A New Reason for Hope

Cody Hoesly

Yesterday, the Washington Post reported that at least 80 wealthy liberals will invest at least $1 million each over the next 5 years to build a liberal political infrastructure to rival that of the conservatives.  The group, known as the Democracy Alliance, hopes eventually to raise at least $200 million.

This is good news.  Finally, the Left is beginning to wake up.  Forty years ago, the Right began investing in think tanks, advocacy groups, political education and outreach efforts, media outlets, etc., and today they have a propaganda machine that dwarfs liberal efforts.  As the Alliance's director estimates, conservatives spend $295 million each year on political infrastructure, while liberals spend only $75 million.

Further, the Alliance understands that the conservatives fund their political organizations in a superior manner.  They give large, lump-sum, largely uncontrolled payments to a few determined persons with big ideas, who want to make those ideas reality.  If results are positive, more money comes flowing in.  If not, the organization loses its leader or the money stops.  Liberals, on the other hand, give small amounts of money to a million organizations that often work on a smaller scale.  Liberal donors have tended to exercise great control over the use of their money.  As is apparent, the liberal scheme doesn't work.  Hopefully, the Alliance's investment will follow the Right's more successful model.

The Alliance's investment in America's future is a much- and long-needed response to the Right.  Indeed, it is the only way we can hope to succeed in the future.  Grassroots efforts and inspiring leaders still need a strong infrastructure to back them.  This is only the first step, but I'm glad we're making it.

Great as this news is, however, it is important that we here in Oregon not sit back and rely on these national leaders to build our future.  Not all think tanks are based in Washington, D.C.  The Right has several conservative think tanks right here in Oregon, including the Cascade Policy Institute, which fights land use laws.  The right has its own Oregon magazine, Brainstorm NW; its own Oregon Rush Limbaugh, Lars Larson; its own Oregon legal firm, O'Donnell & Clark LLP.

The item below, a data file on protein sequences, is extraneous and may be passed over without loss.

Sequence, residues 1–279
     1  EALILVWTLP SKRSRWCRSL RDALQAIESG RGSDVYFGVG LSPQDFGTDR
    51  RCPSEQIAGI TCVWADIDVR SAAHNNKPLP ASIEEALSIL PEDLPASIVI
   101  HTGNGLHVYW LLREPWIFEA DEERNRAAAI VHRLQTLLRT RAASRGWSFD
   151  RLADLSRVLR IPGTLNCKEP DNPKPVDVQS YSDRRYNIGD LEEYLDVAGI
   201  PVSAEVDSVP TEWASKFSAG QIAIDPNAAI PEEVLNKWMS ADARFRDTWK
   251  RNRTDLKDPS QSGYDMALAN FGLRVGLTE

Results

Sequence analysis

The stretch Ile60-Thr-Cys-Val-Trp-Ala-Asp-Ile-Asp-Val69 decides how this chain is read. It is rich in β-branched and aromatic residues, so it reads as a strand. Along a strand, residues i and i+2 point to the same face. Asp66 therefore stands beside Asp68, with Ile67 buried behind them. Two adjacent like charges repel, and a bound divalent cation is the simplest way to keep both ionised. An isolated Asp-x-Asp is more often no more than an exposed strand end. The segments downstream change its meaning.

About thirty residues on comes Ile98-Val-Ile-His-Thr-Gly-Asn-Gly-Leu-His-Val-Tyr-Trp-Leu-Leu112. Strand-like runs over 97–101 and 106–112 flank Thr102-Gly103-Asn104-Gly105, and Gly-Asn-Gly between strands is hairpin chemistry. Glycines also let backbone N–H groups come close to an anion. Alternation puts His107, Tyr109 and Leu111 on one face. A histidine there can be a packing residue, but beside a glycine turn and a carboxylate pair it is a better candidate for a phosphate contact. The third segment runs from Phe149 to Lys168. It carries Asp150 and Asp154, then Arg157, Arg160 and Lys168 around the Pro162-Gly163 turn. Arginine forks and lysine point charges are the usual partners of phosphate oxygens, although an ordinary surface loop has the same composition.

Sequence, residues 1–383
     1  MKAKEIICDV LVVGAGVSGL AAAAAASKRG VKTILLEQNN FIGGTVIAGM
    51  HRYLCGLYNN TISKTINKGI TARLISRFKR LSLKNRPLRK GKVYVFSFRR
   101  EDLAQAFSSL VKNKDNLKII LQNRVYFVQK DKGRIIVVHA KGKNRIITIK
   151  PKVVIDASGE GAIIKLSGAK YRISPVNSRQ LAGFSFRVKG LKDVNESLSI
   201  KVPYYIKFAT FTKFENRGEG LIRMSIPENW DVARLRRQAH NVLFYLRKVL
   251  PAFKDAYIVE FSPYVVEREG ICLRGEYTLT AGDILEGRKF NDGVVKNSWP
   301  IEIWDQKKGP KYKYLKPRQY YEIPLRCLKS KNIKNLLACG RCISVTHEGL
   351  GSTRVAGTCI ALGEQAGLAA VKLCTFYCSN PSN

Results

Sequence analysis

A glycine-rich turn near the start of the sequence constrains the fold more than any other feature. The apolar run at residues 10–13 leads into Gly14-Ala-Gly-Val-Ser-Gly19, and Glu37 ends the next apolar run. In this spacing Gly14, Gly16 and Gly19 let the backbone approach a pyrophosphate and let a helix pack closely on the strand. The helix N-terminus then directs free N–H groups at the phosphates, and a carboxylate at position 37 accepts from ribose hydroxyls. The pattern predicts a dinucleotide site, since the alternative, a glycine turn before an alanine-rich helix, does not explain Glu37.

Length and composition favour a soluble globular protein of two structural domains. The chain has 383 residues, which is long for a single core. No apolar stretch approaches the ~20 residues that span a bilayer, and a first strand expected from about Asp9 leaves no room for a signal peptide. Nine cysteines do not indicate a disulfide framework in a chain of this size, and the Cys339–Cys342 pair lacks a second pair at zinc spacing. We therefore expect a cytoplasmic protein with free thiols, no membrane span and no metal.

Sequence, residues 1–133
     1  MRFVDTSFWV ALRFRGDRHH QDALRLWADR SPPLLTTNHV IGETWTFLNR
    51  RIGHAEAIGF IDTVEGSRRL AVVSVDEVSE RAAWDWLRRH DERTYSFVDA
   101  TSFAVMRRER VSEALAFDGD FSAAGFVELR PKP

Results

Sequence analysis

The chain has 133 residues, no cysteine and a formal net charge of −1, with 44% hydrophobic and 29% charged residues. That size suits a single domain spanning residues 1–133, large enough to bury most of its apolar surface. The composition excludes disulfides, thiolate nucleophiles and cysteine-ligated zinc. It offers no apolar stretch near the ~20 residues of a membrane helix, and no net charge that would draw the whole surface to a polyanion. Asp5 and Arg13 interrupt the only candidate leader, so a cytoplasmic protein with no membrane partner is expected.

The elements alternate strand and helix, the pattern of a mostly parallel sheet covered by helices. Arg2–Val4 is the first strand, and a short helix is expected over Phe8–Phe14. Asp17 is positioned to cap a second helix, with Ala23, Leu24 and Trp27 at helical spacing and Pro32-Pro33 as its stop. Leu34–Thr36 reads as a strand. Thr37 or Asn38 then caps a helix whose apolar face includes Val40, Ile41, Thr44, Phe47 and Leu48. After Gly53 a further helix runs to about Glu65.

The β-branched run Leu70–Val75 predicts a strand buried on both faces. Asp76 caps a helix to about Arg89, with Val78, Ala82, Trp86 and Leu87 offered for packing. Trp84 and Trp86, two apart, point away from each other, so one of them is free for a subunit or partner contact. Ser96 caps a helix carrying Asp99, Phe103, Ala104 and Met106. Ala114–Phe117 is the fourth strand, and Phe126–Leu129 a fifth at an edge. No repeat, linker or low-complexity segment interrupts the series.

We must start our own liberal infrastructure at home.  Portland is attracting ever more bright, talented, eager progressives.  New political groups, such as the Bus Project and the Rural Caucus, are cropping up around the state.  Anyone who wants to start a think tank, or any other similar kind of group, here in Oregon should get cracking.  Local liberal donors should work with entrepreneurial progressives to create organizations that can compete with and defeat their conservative counterparts.

It will take a long time to catch up, but finally we have a new reason to hope.

Comments

  • T. Lee (unverified)
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    Infrastructure is nothing without a positive message. If the liberal hate outweighs solid plans for the future... as in 2004... those millions spent will join Soros's millions in the dust bin.

  • Robert (unverified)
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    Its unfortunately everyone thinks that Oregon has Lars when in reality WA has him, but he goes to great lengths to pass himself off as an Oregonian and that we would participate in a vote. What a fraud just like Right wing apparatus

  • Marshall Collins (unverified)
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    Along with the Rural Caucus is the start of the Democratic GLBT Caucus. Their Annual Meeting will be on the 20th of this month. Highly motivated group that is determined to get GLBT and Ally Democrats into elected office. You can contact them at [email protected]

  • libertarian (unverified)
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    The Cascade Policy Intitute defines itself as a LIBERTARIAN think tank: http://www.cascadepolicy.org/about/about_overview.html

    It is not on the right! It is not conservative! I don't understand why liberal bloggers keep getting this wrong!

  • Rorovitz (unverified)
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    Lib,

    I agree. I like the Libertarians more than the R's. I disagree on a few things, like the public funding for education and a social safety net, but you know the libertarians don't care what you do in the bedroom!

    On a different note, the WaPo article, or maybe a different one that I read in the Oregonian, stated that ACT was in bad shape with no supporting arguments. Anyone else see that that may have an explanatory note? I didn't get it.

  • Javier O. Sanchez (unverified)
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    Lib--

    I must admit, I fear liberatarians more than predictable god-fearing, conservatives, though I do love the "freedom" talks I have with random, some intimate, lib-peeps who enjoy the fruitful bounties of Oregon as much as I, and the socials are fun, sexy and tokey.